|Doing It - Melvin Burgess
Finally, A book
that realisticaly portrays the lives and loves of three teenage boys
all having problems regarding their favourite subject - SEX Both
hilarious and moving in equal measures. This is a great read for
young people. And a nice reminder to old folks just how hard being
young can be
|Be more chill - Ned Vizzini
of one teenagers quest for cool, with scenes not too dissimilar to
"American pie" I loved this book which is ideal for teenagers and
those of us who like to think we're still young! Word of warning
this is a little bit on the cheeky side and does contain some strong
|The Complete Gardener - Monty Don
If you buy
just one gardening book this year then this should be it. Mony Don
casts his expert eye over all aspects of gardening giving examples
from his own garden, including garden structure, flowers,
vegetables, herbs and fruit. His relaxed style makes this a
pleasurable read and should inspire even the most hardened townie to
don his wellies, pick up his spade and get out there.
|Gitanjali - Rabindranath Tagore
Rabindranath Tagore is as well-known and
revered in India as Winston Churchill is in Britain. Yet Tagore
remains an obscure figure in the western world, despite having as
profound an influence on Indian culture as Mahatma Gandhi. As a
young man Tagore came to Britain in 1913 with a transcript of
'Gitanjali' in the original Bengali. The great Irish poet W.B Yeats
helped him to translate it into English and its publication won
Tagore the Nobel Prize for Literature. Passages from 'Gitanjali'
have been used as national anthems for Bangladesh and India, and to
this day Indian school children sing its verses as morning hymns. A
literary and historic masterpiece.
|The Wind-Up Bird Chronicle -
novel that is impossible to categorise. Murakami's post-modern epic
begins with a weird telephone call to a house-bound drifter who
spends his time looking around the neighbourhood for his wife's
missing cat. These two mundane events escalate into a dark and
surreal adventure of tragedy and absurdity. With a host of
enthralling characters mixed into a melting-pot of metaphysics,
social satire and comic fiction, 'The Wind-Up' is one of the
strangest and most powerful novels of the last decade.
|The Interpreter of Maladies -
Lahiri's debut collection of short stories won her the Pulitzer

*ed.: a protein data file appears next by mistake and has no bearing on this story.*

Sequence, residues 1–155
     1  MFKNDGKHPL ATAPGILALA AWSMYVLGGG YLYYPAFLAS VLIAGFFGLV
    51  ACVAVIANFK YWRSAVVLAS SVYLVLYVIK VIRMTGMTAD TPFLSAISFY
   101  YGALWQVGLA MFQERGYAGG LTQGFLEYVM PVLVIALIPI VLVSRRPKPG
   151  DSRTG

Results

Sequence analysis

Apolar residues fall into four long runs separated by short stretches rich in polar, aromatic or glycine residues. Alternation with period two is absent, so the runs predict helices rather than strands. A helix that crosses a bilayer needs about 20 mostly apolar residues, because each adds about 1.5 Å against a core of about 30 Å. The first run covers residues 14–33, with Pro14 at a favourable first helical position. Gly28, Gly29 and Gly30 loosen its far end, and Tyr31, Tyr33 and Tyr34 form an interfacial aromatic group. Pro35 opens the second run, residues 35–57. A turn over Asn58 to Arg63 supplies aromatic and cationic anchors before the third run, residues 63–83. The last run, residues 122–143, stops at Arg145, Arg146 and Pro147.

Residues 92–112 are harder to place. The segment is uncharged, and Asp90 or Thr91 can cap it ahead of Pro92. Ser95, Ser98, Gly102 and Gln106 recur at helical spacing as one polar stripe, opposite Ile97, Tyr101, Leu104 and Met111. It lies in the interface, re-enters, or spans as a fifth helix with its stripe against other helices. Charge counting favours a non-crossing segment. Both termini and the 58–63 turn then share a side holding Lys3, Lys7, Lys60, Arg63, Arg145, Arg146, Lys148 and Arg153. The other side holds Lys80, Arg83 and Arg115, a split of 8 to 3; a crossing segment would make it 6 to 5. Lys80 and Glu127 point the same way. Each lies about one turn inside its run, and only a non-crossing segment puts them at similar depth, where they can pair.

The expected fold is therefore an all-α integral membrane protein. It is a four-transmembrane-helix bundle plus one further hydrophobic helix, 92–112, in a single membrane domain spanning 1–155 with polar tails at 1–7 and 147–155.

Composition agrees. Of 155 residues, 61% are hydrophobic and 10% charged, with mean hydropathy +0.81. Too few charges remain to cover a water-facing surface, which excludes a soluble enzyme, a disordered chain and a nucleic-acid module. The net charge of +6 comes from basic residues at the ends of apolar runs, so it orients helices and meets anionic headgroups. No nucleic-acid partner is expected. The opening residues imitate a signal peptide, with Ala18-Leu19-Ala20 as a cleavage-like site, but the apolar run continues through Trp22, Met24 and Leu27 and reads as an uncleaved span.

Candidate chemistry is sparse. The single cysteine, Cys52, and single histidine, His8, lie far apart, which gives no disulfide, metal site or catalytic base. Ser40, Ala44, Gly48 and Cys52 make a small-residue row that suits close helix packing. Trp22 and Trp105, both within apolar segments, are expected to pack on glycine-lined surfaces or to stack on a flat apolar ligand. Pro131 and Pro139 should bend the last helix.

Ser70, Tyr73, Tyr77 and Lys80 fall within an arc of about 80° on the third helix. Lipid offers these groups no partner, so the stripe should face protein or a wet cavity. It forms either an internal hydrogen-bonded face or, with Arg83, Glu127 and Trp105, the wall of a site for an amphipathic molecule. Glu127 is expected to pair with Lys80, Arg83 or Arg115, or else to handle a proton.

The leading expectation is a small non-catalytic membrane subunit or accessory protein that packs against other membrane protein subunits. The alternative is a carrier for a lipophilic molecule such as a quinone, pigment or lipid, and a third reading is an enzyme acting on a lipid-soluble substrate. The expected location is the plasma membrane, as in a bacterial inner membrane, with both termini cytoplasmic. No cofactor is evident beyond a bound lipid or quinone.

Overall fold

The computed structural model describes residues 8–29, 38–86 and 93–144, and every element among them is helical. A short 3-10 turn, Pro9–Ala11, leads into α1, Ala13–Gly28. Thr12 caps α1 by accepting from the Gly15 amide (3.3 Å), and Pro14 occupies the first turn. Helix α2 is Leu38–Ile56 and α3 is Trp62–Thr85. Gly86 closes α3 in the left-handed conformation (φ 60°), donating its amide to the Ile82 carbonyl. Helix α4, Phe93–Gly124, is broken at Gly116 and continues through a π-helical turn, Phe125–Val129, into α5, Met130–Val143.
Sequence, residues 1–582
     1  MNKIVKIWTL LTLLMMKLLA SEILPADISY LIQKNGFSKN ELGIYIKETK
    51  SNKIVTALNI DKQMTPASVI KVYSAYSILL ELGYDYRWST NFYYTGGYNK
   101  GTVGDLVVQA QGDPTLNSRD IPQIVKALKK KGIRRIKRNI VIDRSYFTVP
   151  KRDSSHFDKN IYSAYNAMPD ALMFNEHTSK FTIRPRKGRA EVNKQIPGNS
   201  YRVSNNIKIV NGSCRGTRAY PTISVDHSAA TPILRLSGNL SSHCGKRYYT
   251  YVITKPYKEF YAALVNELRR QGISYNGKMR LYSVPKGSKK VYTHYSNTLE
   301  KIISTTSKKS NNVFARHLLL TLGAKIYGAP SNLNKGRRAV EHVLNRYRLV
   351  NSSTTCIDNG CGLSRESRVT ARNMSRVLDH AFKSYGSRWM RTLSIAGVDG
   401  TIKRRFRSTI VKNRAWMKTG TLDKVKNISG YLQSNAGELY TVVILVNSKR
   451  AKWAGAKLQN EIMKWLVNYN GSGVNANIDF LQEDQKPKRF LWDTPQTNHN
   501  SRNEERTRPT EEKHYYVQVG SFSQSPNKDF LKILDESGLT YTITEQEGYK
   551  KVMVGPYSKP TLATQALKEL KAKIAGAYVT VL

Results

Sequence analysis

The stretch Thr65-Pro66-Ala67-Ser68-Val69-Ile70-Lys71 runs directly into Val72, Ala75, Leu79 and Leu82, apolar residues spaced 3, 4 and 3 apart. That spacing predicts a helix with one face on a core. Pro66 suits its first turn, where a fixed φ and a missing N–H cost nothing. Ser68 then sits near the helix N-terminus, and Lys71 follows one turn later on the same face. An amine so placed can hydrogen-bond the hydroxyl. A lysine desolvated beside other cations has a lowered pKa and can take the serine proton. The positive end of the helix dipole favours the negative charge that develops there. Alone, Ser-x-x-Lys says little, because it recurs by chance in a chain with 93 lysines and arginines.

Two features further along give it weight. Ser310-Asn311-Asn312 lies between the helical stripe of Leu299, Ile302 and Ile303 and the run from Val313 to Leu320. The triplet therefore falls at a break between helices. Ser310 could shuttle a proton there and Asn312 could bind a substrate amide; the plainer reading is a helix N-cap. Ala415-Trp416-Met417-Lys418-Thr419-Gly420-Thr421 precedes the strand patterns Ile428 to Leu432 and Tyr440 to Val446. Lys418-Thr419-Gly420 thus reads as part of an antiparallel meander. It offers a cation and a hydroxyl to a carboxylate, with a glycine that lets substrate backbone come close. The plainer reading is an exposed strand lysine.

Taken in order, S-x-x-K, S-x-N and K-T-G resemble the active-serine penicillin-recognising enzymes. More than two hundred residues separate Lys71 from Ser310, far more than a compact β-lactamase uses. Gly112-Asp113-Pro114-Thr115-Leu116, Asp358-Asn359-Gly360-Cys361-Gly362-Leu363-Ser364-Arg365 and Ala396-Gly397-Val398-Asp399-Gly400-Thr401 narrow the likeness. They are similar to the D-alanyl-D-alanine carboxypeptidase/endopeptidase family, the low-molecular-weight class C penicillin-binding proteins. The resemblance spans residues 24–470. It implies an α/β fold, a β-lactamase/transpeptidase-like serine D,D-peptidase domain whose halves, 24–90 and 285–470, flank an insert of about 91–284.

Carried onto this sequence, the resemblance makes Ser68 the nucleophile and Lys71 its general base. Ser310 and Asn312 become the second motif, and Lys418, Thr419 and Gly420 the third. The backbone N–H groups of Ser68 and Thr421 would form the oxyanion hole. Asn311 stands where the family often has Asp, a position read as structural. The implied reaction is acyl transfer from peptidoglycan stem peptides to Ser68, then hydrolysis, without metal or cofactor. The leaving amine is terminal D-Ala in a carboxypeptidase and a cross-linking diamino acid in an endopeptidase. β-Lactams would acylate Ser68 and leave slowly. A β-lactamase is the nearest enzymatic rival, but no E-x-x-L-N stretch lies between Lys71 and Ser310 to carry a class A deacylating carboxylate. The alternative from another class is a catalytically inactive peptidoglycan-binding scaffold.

Prize for Literature in 2000 at the age of 27 and propelled her to
international acclaim. These nine short stories ache with quiet
solitude as they gently explore the lives of Indians in exile.
Sometimes a great picture or painting looks best when you take a
step back - it is when you put this book down after a reading that
Lahiri's genius pours into your senses. A seminal portrayal of
|Playing The Moldovans at Tennis -
is the second of Tony's 3 books and his best. While watching England
play Molova at Wembley Tony bets his mate, fellow comedian Arthur
Smith, that he can beat each of the Moldovan team at tennis. What
follows is a hilarious journey to win the bet, with our intrepid
sportsman bravely setting of to Moldova to deal with the Moldovan
underworld, gypsies, near kidnap and chronic power shortages. This
book is just as funny as his first, Round Ireland with a Fridge, but
with the insight into the harsh existance of the Moldovans is
ultimately more satisfying. Will Tony complete his challenge and
make Arthur sing Moldovan national anthem naked in Balham High
Street or will he 'entertain' the crowd?
|Midnight's Children - Salman
Leading the reader into a fascinating and
everchanging whirlwind of ideas, Midnight's Children is a tale of
the birth, growing up and fate of one boy at the time of the
re-birth of India as an independent nation. Fraught with the
mysticism and political upheaval of the time, Saleem Sinai's life is
both sensational and melancholic. Rushdie's enthralling work, named
the Booker of Bookers in 1993, is as much a personal story as it is
an account of the confusion, turmoil and euphoria of the new nations
of India and Pakistan. A modern, enduring masterpiece to be read by
|Rebecca - Daphne Du Maurier
A classic tale of
love and jealousy as a naive young bride fights to deal with the
ultimate 'other woman'. Du Maurier slowly builds up the pressure on
our heroine until finally the truth about the dark secret that
haunts Manderley is found. From there the book hurtles towards its
climax. Read and enjoy!!
|Roy Keane: The Autobiography - Roy
Whenever I think of
my beloved Manchester United, I find myself trembling with
anticipation. I have pictures of Keano all over my room. In this age